Amazon enters smartphone market with Fire phone

The phone has a 4.7-inch screen and 13-megapixel camera

Jeff Bezos with Amazon's Fire phone
Jeff Bezos with Amazon's Fire phone

Amazon has unveiled its highly anticipated entry into the smartphone market, a handset called Fire.

The phone, announced by CEO Jeff Bezos at an event in Seattle, has a 4.7-inch screen and quad-core processor.

It also has a rear 13-megapixel camera with optical image stabilization to reduce the effects of camera shake for clearer and sharper photos. Most phones attempt to do this through software but Amazon's phone has a hardware component that physically moves the imaging hardware. This latter method is generally superior to software-based methods.

Amazon is offering free image backup and storage through its cloud service with the phone, Bezos said.

A key feature of the phone, at least for Amazon, is an application called "Firefly," which provides an important tie-in to the company's online retail business by recognizing movies, TV shows, music and books, as well as objects, and allowing users to place recognized items into their Amazon cart for purchase. It finds products through their barcodes or photos of the labels and can identify songs when snippets of the music are played, for instance.

Another feature is "dynamic perspective" that appears to give depth to certain images and produces a quasi 3D effect. Bezos demonstrated the function by showing a picture of the Empire State Building on the phone.

Fire also comes with Amazon's "Mayday," a service offered on the Kindle tablet that puts a customer service representative on-screen to answer questions. Bezos said the service will be available at no cost 24 hours a day and calls will be answered within 15 seconds.

The phone will be available in the U.S. through AT&T on contract. A version with 32GB of memory will cost $200 and a 64GB version will cost $300.

By picking AT&T, Amazon has chosen a familiar partner. The company already handles wireless delivery of e-books to Kindle readers and Amazon promotes AT&T 4G service to users of its Kindle Fire tablets.

Amazon's entry into the crowded smartphone space could increase competition if consumers buy into its vision. Unlike other phone makers, Amazon has a compelling service to offer alongside its hardware in the shape of the Amazon Prime music, e-book and video service.

However, success is not certain. Facebook attempted to get in on the market in early 2013 with a customized handset from Taiwan's HTC called the HTC First. The phone was a flop and just a few months later carrier AT&T was offering it at a discount.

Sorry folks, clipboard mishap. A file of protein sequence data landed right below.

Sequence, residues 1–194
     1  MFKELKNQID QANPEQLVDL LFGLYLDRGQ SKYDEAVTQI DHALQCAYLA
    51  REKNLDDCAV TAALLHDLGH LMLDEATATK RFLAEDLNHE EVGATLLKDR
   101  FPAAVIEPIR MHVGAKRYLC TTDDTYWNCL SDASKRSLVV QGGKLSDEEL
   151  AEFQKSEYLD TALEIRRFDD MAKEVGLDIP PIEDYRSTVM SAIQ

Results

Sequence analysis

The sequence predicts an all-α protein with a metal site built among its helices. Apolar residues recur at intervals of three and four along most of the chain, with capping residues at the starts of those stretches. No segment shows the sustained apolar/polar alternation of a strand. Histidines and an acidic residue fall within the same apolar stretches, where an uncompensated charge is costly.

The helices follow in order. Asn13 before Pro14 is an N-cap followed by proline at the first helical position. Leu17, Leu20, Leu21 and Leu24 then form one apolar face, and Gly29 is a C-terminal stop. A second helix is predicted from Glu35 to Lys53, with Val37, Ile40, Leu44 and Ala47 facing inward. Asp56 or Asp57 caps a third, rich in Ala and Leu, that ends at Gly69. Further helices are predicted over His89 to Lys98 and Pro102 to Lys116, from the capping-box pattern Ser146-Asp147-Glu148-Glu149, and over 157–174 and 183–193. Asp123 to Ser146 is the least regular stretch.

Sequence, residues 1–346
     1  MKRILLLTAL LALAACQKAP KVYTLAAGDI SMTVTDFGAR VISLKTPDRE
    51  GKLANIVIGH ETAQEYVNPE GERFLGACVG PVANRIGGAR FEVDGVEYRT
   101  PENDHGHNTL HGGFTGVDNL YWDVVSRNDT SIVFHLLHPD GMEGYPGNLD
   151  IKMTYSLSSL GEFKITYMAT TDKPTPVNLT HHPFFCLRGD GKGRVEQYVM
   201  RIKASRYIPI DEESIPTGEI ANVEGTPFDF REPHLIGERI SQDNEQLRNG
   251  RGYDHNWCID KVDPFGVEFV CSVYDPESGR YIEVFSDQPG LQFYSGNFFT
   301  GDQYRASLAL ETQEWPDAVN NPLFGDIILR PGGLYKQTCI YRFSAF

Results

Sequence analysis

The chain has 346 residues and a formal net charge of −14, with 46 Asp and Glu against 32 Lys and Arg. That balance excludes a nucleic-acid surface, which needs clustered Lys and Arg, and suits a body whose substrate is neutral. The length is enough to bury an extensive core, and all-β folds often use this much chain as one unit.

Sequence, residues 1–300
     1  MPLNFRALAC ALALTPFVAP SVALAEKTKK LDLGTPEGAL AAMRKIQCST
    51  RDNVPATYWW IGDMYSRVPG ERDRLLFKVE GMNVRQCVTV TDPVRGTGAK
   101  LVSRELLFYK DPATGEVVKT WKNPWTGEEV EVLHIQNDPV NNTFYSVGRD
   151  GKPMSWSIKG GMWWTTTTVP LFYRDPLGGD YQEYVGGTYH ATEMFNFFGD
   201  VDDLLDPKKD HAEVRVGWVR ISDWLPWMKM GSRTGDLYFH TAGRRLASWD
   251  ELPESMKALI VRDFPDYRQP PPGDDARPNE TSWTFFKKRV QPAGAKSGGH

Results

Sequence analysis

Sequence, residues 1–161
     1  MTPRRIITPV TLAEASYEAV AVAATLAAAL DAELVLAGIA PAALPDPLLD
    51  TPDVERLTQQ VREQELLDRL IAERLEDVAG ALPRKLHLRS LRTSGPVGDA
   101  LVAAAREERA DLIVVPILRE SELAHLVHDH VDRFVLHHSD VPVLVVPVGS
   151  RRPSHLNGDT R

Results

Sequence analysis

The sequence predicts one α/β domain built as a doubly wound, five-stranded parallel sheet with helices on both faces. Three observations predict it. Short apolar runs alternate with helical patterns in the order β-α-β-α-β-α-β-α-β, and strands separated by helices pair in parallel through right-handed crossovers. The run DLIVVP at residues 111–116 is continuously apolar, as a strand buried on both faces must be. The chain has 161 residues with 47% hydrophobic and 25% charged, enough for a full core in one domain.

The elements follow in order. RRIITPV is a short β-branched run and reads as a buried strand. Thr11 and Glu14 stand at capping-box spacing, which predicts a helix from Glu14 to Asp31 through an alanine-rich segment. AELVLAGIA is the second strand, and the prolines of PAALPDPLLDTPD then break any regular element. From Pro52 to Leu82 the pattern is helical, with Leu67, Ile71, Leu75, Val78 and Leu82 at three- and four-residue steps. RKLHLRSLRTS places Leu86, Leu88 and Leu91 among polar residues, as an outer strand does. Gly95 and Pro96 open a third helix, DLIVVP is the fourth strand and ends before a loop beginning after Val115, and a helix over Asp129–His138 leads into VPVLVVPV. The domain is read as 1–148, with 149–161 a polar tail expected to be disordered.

Founded 20 years ago, Amazon has grown from an online seller of books into one of the world's largest e-commerce sites. It also sells its own e-book and tablet hardware, has become a publisher of electronic books and is a major supplier of cloud computing capacity. In the last few years, it has been building up its Prime annual subscription service adding video streaming, e-books and, most recently, streaming music.

Join the newsletter!

Or

Sign up to gain exclusive access to email subscriptions, event invitations, competitions, giveaways, and much more.

Membership is free, and your security and privacy remain protected. View our privacy policy before signing up.

Error: Please check your email address.
Show Comments

Blog Posts

Why defining brand strategy is vital to capitalising on quick wins

Big brands were once protected from small brands by high barriers to entry. Big brands had the resources to employ big agencies, to crack big ideas and to invest in big campaigns. They had the luxury of time to debate strategies and work on long-term innovation pipelines. Retailers used to partner with big brands.

Troy McKinnna

Co-founder, Agents of Spring, Calm & Stormy

3 ways to leverage the talents of your team to avoid disruption

​According to the World Economic Forum in its most recent The Future of Jobs report, the most important skills for the future are not technical, task-oriented skills, but higher-order skills such as creativity, social influence, active learning, and analytical thinking.

Gihan Perera

Futurist, leadership consultant

CMOs, it’s time to stop squandering customer attention

Businesses continue to highly value the attention they buy through paid media, yet at the same time, many continue to disregard and under-value opportunities to connect with customers using their owned media.

Well written Vanessa!! Agreed with your view that human experience is marketing's next frontier. Those businesses who are focused on the ...

Clyde Griffith

Forget customer experience, human experience is marketing's next frontier

Read more

Great tips for tops skills need to develop and stay competitive

Nick

The top skills needed to stay competitive in a rapidly changing workforce

Read more

The popularity of loyalty programs is diminishing, though I'd say it is because customers are savvy enough to recognise when a loyalty pr...

Heather

It’s time for marketers to rethink their approach to ‘loyalty’

Read more

Thanks Nadia for sharing this blog. It has really useful and amazing information about Salesforce Commerce Cloud and digital engagement w...

Holly Smith

Adidas taps data and technology smarts to build personalised digital engagement with consumers

Read more

clearly someone who's jealous and only comments from the safety of being behind their keyboard

Peter Sibson

The purpose of purpose - Brand science - CMO Australia

Read more

Latest Podcast

More podcasts

Sign in